All Yesterdays is gaining momentum. As I’ve written in my review, I think this is a great thing and highly recommend the book, in whatever form you choose to buy it. I love the independent Geist in publishing. Kudos to the whole team. I love the science/art tag team to present a truly rounded argument for more speculative life and behavioral reconstructions. I also think the call is much-needed and spot on. As a book.
As a book it is a landmark argument to reassess our presumptions about soft tissues, biomechanics and behavior. It calls into view how much we don’t know about dinosaurs and – in relation to these unknowns – how plausible speculation can be. How important. As a book, I find All Yesterdays timely, important and well done.
As a movement, All Yesterdays is problematic.
A semantic issue is that the character of a movement implies that this something new rather than a corrective effect of the existing processes. A look at the artists who’ve managed to establish themselves shows that this isn’t the case. Good, speculative work comes from good artists involved in a scientific discussion in some form. Most have direct and involved exchanges with the scientists themselves. As in the book, this is a key factor.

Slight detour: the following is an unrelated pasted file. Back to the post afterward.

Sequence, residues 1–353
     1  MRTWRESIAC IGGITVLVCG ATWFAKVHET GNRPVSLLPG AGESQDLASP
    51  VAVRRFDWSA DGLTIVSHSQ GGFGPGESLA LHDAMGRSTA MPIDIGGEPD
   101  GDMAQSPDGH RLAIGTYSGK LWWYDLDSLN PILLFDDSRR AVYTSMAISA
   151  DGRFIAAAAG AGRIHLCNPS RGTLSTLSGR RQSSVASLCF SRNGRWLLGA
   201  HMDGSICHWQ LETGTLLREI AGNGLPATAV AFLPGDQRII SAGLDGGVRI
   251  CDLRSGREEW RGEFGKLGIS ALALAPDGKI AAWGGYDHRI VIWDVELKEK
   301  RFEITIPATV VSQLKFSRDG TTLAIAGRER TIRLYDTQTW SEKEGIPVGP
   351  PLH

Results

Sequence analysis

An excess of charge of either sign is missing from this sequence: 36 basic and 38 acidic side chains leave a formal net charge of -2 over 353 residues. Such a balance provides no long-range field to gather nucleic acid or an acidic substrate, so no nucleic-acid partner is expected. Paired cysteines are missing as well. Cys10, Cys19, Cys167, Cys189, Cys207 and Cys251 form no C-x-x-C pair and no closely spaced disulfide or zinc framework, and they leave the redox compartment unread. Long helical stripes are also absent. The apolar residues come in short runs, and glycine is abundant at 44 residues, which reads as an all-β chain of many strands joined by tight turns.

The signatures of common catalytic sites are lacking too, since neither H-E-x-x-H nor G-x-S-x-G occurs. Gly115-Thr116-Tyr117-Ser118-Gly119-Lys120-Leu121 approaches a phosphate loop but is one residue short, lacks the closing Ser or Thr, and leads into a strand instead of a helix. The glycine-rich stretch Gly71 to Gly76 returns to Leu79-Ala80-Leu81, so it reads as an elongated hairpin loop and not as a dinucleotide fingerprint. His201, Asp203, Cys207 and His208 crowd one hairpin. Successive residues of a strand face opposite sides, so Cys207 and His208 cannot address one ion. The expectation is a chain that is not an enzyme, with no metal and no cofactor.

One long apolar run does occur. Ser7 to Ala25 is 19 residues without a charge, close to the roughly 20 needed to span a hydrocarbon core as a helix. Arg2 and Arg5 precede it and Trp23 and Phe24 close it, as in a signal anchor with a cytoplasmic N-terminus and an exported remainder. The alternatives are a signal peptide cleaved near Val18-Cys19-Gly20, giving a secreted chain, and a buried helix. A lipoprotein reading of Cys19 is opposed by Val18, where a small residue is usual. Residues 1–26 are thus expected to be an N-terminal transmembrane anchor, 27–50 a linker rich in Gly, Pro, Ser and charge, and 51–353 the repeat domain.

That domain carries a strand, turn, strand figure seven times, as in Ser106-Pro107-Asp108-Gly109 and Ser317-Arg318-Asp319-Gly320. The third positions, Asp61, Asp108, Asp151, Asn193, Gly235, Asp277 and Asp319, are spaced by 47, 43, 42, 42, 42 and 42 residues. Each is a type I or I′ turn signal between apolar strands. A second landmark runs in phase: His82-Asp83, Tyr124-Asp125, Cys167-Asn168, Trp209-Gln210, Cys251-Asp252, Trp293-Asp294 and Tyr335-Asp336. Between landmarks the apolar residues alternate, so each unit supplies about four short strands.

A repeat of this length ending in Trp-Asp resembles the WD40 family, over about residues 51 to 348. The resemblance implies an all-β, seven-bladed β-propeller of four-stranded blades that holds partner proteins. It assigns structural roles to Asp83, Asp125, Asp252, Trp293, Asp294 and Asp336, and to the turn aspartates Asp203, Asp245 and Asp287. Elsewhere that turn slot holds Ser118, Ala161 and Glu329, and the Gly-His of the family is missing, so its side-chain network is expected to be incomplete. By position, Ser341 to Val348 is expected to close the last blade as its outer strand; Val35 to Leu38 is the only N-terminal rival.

The major issue is the question of where speculation stops and sensationalism begins. This is partly an issue of audience. I may take issue with something like spelunking sauropods, but it’s a quality image done with scientific consultation. I personally climb out of my mental participation, but it thematicizes the gargantuan mineral demands that a Diamantinasaurus would have had, and offers plenty of solid artistic skills. Successful,if only for the discussion. What I see as problematic however is the reference to Yesterdays as a sort of movement, as that shifts the focus dangerously close to speculation for speculation’s sake, which is right next door to the sensationalism practiced – among others – by television ‘documentaries’ out to make a good cut among the viewing public. The same sensationalism rightly abhorred by the palaeoart community. I know media producers who defend such formats as audience-oriented science with a healthy portion of speculation. Go figure.